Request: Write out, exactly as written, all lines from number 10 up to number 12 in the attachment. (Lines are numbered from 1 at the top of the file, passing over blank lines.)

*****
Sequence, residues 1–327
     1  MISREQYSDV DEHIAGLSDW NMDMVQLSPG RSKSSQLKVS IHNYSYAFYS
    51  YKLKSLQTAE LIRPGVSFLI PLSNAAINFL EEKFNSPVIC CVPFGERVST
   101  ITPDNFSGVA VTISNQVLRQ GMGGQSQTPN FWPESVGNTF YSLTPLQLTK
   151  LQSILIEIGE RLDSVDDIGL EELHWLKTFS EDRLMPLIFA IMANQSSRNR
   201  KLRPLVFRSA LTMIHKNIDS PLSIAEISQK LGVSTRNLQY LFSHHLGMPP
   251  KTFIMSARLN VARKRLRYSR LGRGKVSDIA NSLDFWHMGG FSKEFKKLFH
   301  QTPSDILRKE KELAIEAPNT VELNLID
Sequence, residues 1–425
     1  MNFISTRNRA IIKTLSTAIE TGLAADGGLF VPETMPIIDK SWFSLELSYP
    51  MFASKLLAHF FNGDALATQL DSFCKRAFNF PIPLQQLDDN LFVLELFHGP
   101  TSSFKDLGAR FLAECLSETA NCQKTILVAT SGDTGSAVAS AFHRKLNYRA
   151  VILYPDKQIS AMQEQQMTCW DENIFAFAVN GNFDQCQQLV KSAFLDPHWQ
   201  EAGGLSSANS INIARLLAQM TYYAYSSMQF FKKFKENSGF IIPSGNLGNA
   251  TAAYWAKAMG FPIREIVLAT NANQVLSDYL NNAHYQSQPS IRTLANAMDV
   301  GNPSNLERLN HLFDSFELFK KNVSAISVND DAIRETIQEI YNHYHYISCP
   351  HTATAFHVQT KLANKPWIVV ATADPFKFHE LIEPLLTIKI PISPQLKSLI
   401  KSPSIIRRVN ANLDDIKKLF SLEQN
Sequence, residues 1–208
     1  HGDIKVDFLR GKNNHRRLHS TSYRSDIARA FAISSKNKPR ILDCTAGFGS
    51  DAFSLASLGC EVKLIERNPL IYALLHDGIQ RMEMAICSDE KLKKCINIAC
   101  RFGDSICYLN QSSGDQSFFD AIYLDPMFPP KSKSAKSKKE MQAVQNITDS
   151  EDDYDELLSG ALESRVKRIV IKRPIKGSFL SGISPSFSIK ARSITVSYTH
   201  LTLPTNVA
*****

     1  MNFISTRNRA IIKTLSTAIE TGLAADGGLF VPETMPIIDK SWFSLELSYP
    51  MFASKLLAHF FNGDALATQL DSFCKRAFNF PIPLQQLDDN LFVLELFHGP
   101  TSSFKDLGAR FLAECLSETA NCQKTILVAT SGDTGSAVAS AFHRKLNYRA